This metaphor goes beyond the PAACH office (where the professional staff, other work study students, and I have really become creative with marketing and promotional strategies despite relocation); this metaphor has helped me make the most of my first semester. In my first four months of college, I have many ‘finite spaces’ -- I was a freshman, I had a lot of learning ahead of me, I wasn’t specialized in any major or career plans, and I was a work study student on work shifts. These were things I cannot change but I didn’t let them become excuses for not optimizing my full potential. Taking part in work study, for instance, was a social constraint. It was not much of a choice because I needed to make the most of my work study grant, but it did mean that I was willing to give up hours of my day to go to work instead of going to club meetings or hanging out with my new college friends. That was what I made myself believe for the first half of the semester until I started to look within my jobs for opportunities. Since doing that, I’ve met many students from affiliated student groups who have introduced me to opportunities -- cultural show auditions, overnight conventions, board elections, etc -- along the way.

I once thought work study would limit my networking opportunities when really, it has done quite the opposite. By making the most of what I had, by finding the infinite within the finite, I was able to reshape what I had to work from to create a situation that was best for me. As a freshman in college, there will always be limits, but rather than break them or wait on them, you should work with them. When you can’t change the system, change yourself.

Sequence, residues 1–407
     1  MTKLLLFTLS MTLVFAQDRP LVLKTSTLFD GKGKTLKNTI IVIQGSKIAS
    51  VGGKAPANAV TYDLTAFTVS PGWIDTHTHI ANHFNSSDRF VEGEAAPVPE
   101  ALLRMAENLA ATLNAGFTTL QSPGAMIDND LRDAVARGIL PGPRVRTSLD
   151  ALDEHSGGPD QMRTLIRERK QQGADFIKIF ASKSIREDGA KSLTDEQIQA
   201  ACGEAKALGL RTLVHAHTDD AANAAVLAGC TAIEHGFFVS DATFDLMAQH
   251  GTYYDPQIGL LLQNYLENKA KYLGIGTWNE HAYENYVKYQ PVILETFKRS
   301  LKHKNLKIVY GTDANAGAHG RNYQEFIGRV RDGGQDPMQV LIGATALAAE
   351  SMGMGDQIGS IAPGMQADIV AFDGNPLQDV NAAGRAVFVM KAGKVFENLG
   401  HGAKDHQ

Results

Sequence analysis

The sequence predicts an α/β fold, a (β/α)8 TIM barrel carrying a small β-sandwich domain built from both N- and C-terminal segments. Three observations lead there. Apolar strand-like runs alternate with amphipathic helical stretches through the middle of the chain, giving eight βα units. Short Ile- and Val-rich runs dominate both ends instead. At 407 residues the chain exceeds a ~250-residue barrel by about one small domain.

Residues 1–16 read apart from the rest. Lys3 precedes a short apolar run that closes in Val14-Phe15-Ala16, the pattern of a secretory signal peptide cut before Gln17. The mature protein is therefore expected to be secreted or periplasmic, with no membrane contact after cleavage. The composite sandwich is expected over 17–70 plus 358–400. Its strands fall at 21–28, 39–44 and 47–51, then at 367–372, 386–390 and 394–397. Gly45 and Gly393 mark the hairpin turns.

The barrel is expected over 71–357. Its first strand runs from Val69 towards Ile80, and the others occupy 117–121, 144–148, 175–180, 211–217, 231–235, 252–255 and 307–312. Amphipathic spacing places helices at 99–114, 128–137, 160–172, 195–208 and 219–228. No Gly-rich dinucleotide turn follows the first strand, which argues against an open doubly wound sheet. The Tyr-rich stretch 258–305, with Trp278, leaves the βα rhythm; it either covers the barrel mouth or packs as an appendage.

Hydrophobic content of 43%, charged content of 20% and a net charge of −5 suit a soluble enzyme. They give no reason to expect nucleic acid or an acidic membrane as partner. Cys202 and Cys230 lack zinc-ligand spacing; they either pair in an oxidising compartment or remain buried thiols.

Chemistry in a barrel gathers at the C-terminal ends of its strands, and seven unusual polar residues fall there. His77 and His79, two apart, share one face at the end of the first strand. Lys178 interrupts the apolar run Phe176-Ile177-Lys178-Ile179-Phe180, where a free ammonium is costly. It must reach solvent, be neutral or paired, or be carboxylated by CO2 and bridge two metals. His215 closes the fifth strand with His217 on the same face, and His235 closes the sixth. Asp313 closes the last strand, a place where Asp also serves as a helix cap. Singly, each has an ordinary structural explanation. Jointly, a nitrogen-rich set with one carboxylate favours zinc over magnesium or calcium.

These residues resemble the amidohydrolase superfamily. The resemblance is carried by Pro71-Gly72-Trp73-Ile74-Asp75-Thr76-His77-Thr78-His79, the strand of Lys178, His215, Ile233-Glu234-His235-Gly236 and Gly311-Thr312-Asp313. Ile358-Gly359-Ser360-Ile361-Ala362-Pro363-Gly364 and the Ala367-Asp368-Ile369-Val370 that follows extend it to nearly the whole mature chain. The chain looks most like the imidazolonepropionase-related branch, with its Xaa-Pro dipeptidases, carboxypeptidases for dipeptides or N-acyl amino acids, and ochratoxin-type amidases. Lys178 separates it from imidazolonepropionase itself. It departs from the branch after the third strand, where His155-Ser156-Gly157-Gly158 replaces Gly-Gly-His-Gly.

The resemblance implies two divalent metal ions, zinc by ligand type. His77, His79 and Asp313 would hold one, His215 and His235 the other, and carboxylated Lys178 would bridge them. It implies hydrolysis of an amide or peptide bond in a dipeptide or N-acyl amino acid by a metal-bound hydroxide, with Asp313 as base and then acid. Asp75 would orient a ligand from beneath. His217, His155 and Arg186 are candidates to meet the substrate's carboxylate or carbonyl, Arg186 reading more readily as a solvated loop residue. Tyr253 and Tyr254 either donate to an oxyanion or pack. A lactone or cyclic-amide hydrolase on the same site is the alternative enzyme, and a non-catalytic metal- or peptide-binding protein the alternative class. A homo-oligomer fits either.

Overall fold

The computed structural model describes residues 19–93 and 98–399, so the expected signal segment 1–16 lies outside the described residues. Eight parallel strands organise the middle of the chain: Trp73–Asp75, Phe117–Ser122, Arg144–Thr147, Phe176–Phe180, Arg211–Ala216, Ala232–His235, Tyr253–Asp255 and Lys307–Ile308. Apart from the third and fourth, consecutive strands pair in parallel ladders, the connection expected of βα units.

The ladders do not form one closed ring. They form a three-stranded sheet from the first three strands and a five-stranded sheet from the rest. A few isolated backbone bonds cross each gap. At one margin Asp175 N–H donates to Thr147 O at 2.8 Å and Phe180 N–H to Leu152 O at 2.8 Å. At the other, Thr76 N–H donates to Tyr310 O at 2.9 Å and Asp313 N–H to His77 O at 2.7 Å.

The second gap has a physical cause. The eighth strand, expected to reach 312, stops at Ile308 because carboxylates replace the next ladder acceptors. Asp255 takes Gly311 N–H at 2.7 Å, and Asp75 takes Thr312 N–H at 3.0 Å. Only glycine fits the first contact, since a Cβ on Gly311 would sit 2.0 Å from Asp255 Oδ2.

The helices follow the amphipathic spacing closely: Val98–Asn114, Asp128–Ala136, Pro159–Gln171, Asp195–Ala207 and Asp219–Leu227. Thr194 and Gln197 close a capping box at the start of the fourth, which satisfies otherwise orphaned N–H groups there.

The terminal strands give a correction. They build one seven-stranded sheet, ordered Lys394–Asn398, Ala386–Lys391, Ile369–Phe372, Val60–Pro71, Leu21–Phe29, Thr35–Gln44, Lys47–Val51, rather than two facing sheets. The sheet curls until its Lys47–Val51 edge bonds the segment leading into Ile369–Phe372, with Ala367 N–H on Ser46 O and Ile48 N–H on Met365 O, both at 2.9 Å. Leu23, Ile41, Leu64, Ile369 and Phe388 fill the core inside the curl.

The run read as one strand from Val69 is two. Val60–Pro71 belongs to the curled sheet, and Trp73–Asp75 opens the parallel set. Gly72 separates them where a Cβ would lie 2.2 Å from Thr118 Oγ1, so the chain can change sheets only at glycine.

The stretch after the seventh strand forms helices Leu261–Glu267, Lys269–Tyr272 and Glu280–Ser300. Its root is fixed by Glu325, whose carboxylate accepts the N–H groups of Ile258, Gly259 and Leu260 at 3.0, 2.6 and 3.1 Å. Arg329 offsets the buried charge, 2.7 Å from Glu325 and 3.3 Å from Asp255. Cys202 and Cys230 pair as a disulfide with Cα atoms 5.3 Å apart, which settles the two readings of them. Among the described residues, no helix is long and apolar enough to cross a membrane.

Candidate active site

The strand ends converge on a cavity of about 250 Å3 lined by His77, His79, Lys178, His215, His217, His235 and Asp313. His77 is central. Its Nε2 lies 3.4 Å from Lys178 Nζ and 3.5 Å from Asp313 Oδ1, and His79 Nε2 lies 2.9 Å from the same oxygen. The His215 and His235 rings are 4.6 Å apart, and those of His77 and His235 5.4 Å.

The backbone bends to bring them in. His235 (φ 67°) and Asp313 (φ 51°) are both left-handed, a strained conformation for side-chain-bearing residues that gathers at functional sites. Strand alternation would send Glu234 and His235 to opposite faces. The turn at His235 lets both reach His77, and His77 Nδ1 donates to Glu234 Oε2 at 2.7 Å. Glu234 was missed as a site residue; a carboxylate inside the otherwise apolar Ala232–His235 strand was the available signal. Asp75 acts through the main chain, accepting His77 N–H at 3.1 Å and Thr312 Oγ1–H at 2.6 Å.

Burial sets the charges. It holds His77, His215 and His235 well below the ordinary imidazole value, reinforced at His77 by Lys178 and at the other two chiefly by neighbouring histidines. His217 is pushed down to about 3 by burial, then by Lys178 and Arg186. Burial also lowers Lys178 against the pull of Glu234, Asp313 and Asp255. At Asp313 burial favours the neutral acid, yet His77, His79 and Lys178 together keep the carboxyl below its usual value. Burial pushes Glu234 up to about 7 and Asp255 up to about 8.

Connection over Collection: Making Meaningful Friendships
It is the people that makes me enjoy college most and there is no community quite like one made of Penn people. Part of the reason I was able to get through the turbulence of my first three weeks of college was being around and talking with people -- people who were older, people who worked at Penn, and people who shared the same uncertainty and doubt I was feeling.

In college, it is not uncommon for people to see these four years as one long networking opportunity and when you go to a place like Penn, it’s a goldmine of talent and powerful connections. When I took ‘Studies of Grand Strategies’ at Yale, I read a book called Never Eat Alone by Keith Ferazzi. Back then, I thought the book was incredibly enlightening; it really made me look at the friendships I made in a different light -- in a profitable light. Granted, I’m sure that is not the core of Ferazzi’s argument, that you make all friendships with the intention of establishing some sort of intended connection, but so many people have those intentions in college.